DNS-based Authentication of Named Entities (DANE), is another way for your computer to establish and trust a TLS connection. It works by your computer requesting an encrypted connection with the website, then the website sending it’s certificate to your computer. This certificate isn’t given out by CAs though, instead this certificate is generated by the host of the website. Your computer doesn’t implicitly trust this certificate, so what it’ll do is it’ll get the hash (a string of numbers unique to that certificate) of the certificate and check the DNS record to make sure the hash from the certificate matches the hash in the DNS record. Once your computer verifies that the hashes are the same. It will create two symmetric keys and send one over to the website. Once they both hold the same key, an encrypted connection is created.
The reason your computer can shift it’s trust anchors from CA’s to the DNS record is because of DNSSEC (Domain Name System Security Extensions). DNSSEC tells your computer that the DNS record has been signed by a certain person and hasn’t been modified by someone who doesn’t have the DNSSEC keys. If for whatever reason the DNS records were changed by someone without the DNSSEC keys or the hashes don’t match up, the computer wouldn’t be able to connect since it assumes that there’s been an attack on the website.
DANE allows us to create secure connections with websites and allows us to dodge the overreach of CAs. The issue is that it doesn’t have any browser support right now. This is mostly for the fact that it adds latency which big Internet aggregators like Google (who also have the most adopted browser) aren’t too fond of and people say that the whole CA system works good enough as it is. DANE also doesn’t tackle the root of the problem with ICANN’s power over domains. If a company like Godaddy holds your DNSSEC keys and they’re beholden to ICANN, then ICANN still holds the power on whether your site stays up or down. Giving up custody of your DNSSEC keys means that the same MITM attacks are still very possible with DANE. Your DNSSEC keys could be easily socially engineered into the wrong hands and the certificates could be modified without your computer knowing an attacker has changed information.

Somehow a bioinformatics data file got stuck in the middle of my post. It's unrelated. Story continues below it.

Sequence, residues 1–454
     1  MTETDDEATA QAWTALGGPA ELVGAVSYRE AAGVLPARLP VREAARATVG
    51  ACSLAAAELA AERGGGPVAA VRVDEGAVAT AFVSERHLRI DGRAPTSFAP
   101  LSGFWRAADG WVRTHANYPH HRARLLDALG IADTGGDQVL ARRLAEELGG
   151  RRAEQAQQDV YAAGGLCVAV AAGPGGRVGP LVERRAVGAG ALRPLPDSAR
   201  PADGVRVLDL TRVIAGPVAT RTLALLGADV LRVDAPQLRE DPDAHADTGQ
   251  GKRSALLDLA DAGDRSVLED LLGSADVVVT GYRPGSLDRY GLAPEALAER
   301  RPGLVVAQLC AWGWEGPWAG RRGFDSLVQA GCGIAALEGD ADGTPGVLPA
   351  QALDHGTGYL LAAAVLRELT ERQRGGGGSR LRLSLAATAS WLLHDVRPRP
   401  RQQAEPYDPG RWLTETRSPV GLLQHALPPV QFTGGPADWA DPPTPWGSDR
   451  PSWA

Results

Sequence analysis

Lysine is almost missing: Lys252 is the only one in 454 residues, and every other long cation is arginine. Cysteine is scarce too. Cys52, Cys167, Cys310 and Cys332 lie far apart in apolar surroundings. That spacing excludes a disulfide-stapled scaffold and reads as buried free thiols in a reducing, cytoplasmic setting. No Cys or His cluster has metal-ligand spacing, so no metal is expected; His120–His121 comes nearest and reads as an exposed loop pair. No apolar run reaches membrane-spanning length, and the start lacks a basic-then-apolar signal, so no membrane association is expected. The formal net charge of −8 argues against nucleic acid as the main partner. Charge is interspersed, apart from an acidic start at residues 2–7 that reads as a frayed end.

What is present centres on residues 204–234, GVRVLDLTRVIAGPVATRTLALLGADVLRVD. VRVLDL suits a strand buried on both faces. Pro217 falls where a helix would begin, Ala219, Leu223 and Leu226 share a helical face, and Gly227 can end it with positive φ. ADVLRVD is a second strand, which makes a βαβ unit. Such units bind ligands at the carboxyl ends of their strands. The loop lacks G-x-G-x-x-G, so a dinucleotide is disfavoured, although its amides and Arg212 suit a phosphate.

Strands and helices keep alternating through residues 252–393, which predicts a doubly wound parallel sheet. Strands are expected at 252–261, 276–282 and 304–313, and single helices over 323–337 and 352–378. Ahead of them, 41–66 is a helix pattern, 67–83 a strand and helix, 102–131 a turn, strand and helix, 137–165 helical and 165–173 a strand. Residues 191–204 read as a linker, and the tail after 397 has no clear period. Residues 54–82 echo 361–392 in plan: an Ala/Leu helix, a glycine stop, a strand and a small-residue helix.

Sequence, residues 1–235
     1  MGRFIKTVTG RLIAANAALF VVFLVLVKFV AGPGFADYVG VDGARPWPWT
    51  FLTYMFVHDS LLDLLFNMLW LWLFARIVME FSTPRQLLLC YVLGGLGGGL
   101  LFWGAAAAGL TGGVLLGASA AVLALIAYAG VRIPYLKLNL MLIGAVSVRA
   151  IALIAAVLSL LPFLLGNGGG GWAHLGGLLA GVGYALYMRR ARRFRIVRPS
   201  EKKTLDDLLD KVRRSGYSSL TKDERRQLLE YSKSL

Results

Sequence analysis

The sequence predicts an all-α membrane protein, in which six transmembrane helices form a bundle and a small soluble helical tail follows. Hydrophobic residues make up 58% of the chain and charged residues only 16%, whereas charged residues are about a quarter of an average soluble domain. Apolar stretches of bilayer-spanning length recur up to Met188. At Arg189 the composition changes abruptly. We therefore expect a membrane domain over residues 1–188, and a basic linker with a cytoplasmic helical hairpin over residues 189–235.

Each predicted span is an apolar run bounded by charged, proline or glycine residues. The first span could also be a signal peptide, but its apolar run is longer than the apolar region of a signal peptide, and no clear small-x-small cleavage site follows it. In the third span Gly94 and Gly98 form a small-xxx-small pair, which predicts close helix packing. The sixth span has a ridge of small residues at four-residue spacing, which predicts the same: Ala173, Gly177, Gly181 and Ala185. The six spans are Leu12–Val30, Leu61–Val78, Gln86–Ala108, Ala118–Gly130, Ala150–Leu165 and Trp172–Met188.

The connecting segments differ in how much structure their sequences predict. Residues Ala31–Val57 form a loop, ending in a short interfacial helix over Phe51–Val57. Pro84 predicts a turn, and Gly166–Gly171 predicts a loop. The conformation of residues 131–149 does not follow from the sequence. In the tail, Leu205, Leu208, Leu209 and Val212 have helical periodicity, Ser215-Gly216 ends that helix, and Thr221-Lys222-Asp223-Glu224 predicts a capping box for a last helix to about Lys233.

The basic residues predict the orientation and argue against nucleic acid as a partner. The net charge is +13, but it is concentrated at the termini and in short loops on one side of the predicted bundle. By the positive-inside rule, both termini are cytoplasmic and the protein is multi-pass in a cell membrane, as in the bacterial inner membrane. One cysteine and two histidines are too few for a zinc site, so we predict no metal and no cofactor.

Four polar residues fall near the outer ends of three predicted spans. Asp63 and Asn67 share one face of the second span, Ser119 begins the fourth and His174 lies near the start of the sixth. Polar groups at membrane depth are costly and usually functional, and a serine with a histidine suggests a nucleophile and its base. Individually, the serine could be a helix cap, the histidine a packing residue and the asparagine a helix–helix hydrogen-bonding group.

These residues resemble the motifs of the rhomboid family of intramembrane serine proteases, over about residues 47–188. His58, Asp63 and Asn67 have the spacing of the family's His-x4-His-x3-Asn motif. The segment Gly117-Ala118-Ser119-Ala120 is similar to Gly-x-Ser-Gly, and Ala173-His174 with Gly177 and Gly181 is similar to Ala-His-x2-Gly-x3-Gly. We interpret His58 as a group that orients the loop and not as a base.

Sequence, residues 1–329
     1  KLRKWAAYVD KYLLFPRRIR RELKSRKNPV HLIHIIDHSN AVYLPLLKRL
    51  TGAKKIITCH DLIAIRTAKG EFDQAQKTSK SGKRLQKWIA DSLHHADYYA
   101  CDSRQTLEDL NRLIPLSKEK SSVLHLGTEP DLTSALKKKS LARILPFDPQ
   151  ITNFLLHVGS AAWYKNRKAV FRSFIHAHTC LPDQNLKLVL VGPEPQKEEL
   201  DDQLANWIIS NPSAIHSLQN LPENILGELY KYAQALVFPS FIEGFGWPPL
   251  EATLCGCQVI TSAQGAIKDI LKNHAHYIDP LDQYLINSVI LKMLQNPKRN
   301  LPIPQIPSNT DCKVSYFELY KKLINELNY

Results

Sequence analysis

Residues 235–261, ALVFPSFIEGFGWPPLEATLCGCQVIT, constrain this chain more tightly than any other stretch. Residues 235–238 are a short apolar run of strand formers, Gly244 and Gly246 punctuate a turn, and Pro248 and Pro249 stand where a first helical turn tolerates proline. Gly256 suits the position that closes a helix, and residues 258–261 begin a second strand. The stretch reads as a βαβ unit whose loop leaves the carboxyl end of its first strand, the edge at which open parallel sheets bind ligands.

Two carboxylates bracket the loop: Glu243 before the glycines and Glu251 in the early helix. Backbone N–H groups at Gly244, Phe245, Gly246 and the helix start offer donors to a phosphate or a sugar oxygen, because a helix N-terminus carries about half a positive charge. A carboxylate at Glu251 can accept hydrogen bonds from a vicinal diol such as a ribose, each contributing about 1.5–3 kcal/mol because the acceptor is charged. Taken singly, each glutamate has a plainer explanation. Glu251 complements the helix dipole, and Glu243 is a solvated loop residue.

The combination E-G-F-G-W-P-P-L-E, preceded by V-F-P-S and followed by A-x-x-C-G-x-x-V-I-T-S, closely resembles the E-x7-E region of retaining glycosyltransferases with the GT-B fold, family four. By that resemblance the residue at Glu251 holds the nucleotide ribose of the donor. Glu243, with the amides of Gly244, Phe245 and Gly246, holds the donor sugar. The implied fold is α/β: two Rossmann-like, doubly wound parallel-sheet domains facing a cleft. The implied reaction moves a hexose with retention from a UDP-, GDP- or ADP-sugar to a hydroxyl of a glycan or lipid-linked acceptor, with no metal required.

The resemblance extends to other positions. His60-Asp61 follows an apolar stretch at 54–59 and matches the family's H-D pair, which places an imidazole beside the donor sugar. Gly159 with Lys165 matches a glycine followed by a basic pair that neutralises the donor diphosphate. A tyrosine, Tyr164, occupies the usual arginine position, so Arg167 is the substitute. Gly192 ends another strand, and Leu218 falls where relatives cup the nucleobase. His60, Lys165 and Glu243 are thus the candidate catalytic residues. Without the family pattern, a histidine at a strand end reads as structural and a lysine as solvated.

Any Blockchain-based domain system can leverage the power of DANE to avoid the powers of ICANN and CAs. In the case of Handshake, if you’re hosting your own TLD/SLD where only you, the private key holder, can edit the DNS records and your DNSSEC private keys are protected in the same way your Handshake wallet is, an attacker has a close to an impossible chance at changing the certificate information in the DNS record and then being able to sign that with a stolen DNSSEC key. Even though DANE with Handshake provides obvious security and custody benefits, it’s a long road to get things like browser support for DANE and for the whole process of setting up DANE to be easy and seamless for any website host. Nobody said the journey would be short and easy though, but once we get more DANE support the switch from the Cweb to the Dweb will be even more obvious and enticing. People will wonder what they were doing when the new web was being created right under their nose and why they didn’t give it any attention earlier. But that doesn’t have to be you. If this technology excites you as much as it excites me and the whole community of domainiacs, consider joining the discord and get involved and contribute whatever you can with us to build something that we deserve: a free and open internet.
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So what do you say fren, you taking the shake pill?
Big shout out to all the domainiacs that helped proof read this paper and Brandon Dees with his great insights in the 6th paragraph.